Saturday, May 25, 2013

Hug a Convert Day

So on my sidebar, I have finally added a button. This is a first for me so it took me quite a while to figure it out. But I was determined to do it because I love the concept so much.

Have you heard of Middle-aged Mormon Man? I've really enjoyed his blog. Last year, he started "Hug a Convert Day." This Sunday is the second annual "Hug a Convert Day." Take a few minutes to press the button and read what he has to say about it. It's delightful and will make you determined to find a few converts to hug. :) I am grateful for the converts I know in my life - and for the ones in my family history who first joined the church. I am in awe of converts! They inspire me.

(Go on. "Push the button, Max!")

Tuesday, May 21, 2013

Wife for Life Book Trailer

Ramona has published her book trailer. It's beautifully done. Gorgeous pictures and Daniel Beck singing a great "Wife-for-Life" song. :) Check it out on Ramona's website!

Tuesday, May 14, 2013

I'm Feeling Romantic

Lest you be wary that I'm going to wax lyrical about my husband, let me put your mind at ease at once. I'm going to be talking about books. Specifically, literary genres.

I have been reading Nathaniel Hawthorne's "The House of Seven Gables." Hawthorne himself described this book as a "Romance" rather than a novel. In fact, you can read what he said:

WHEN a writer calls his work a Romance, it need hardly be observed that he wishes to claim a certain latitude, both as to its fashion and material, which he would not have felt himself entitled to assume had he professed to be writing a Novel. The latter form of composition is presumed to aim at a very minute fidelity, not merely to the possible, but to the probable and ordinary course of man's experience. The former--while, as a work of art, it must rigidly subject itself to laws, and while it sins unpardonably so far as it may swerve aside from the truth of the human heart--has fairly a right to present that truth under circumstances, to a great extent, of the writer's own choosing or creation. If he think fit, also, he may so manage his atmospherical medium as to bring out or mellow the lights and deepen and enrich the shadows of the picture. He will be wise, no doubt, to make a very moderate use of the privileges here stated, and, especially, to mingle the Marvelous rather as a slight, delicate, and evanescent flavor, than as any portion of the actual substance of the dish offered to the public. He can hardly be said, however, to commit a literary crime even if he disregard this caution.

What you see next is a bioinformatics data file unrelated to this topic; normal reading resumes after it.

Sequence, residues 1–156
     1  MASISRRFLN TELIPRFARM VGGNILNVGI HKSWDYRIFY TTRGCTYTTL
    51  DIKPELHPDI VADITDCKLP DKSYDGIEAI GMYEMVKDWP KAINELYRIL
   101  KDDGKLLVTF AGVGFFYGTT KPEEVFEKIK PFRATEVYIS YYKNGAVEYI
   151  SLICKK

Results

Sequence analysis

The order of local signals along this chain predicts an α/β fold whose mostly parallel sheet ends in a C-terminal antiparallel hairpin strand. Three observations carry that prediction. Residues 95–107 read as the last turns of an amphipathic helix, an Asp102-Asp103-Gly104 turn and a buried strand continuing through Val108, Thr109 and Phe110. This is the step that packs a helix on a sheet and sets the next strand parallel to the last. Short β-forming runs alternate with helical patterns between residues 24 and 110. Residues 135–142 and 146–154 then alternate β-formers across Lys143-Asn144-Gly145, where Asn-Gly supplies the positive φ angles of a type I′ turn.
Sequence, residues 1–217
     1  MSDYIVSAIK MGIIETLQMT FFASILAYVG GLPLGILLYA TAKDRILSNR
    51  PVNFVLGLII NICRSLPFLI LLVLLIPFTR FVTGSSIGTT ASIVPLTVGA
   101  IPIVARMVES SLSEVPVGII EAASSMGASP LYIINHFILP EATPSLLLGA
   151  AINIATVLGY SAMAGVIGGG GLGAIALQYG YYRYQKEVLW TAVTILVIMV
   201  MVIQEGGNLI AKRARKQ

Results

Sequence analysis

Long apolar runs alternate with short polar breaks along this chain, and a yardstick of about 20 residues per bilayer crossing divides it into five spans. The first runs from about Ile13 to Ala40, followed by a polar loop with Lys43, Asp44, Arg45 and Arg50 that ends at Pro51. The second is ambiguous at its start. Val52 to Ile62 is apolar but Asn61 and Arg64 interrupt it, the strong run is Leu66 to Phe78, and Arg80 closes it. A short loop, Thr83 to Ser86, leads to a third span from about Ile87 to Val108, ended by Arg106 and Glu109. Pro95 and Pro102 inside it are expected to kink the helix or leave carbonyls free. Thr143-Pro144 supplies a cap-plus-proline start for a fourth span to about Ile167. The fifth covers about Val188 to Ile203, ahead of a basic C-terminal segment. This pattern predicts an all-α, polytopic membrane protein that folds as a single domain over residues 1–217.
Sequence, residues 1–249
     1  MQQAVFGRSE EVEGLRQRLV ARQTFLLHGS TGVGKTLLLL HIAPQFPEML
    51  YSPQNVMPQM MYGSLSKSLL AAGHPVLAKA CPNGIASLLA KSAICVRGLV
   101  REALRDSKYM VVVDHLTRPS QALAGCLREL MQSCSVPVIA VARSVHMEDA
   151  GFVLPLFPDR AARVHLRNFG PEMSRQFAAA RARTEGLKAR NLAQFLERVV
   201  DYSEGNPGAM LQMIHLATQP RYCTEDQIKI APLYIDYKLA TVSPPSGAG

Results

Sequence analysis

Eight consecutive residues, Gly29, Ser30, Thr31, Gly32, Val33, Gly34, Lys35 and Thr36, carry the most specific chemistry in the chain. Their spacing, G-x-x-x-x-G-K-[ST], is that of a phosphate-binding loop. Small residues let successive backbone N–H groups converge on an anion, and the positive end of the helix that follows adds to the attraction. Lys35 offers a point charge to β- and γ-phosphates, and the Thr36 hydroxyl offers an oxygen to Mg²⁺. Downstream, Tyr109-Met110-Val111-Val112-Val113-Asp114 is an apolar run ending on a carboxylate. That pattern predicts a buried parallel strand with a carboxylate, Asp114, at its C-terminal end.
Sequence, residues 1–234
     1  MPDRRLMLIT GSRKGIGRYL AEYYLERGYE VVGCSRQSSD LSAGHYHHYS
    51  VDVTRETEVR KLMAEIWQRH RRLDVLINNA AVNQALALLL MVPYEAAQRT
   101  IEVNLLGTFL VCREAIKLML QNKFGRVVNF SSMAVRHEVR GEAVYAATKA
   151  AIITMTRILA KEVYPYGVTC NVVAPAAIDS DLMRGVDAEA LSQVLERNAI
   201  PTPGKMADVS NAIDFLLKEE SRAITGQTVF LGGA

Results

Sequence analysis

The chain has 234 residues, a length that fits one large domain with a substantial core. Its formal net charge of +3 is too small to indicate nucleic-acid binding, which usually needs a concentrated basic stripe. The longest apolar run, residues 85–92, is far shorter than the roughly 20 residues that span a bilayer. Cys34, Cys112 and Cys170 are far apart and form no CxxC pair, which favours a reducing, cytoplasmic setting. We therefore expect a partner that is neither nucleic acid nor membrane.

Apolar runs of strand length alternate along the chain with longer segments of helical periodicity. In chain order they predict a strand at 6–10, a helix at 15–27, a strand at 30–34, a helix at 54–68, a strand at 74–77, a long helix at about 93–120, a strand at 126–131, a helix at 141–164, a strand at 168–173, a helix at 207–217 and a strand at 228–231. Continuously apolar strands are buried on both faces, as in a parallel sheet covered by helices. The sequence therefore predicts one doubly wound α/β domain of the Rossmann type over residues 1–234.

In the present work, the author as proposed to himself--but with what success, fortunately, it is not for him to judge--to keep undeviatingly within his immunities. The point of view in which this tale comes under the Romantic definition lies in the attempt to connect a bygone time with the very present that is flitting away from us. It is a legend prolonging itself, from an epoch now gray in the distance, down into our own broad daylight, and bringing along with it some of its legendary mist, which the reader, according to his pleasure, may either disregard, or allow it to float almost imperceptibly about the characters and events for the sake of a picturesque effect. The narrative, it may be, is woven of so humble a texture as to require this advantage, and, at the same time, to render it the more difficult of attainment.
I think it is fairly clear what Hawthorne does NOT mean by a Romance here. He does not mean that the story centers around what we would term romantic love. Despite this definition, provided by the author himself, many people reviewed this book saying things like, "So weird. This is called a Romance, but there wasn't any romance in it, except at the very end when two characters declare love for each other." This annoys me. These reviewers are trying to write in-depth reviews about a concept they have completely misunderstood. Maybe they should do just a LITTLE more research before they write their reviews.

I realize that all five of you who read my blog are most likely aware that the Romantic movement of the late 1700s and early 1800s is QUITE different from the romance novels of today, but I had to rant to somebody. Thank you for listening. Uh. Reading. If you managed to finish this post, that is.

P.S. I realize I have misunderstood many things and stated my opinions according to my misunderstandings. I am simply flabbergasted that so very many people read the same preface I did with the same very clear definition and still completely missed the point.

Thursday, May 9, 2013

Gardens Again

Just kidding. This time it is pirates. And cellos.

That's a lot of cellos, by the way. 120. And the cellists are between the ages of 7 and 71. Impressive! I like the sound of many cellos.

Monday, May 6, 2013

A Different Kind of Garden

I sang and played this song a lot in college - it would just get stuck in my head:

Cute, no?

But look what I just discovered:

And believe it or not, it gets better:

If you didn't find these hilarious, pardon my terrible sense of humor.

Here's a bonus. It's not English Country Gardens, but on the subject of the Muppets...

These videos made my whole day.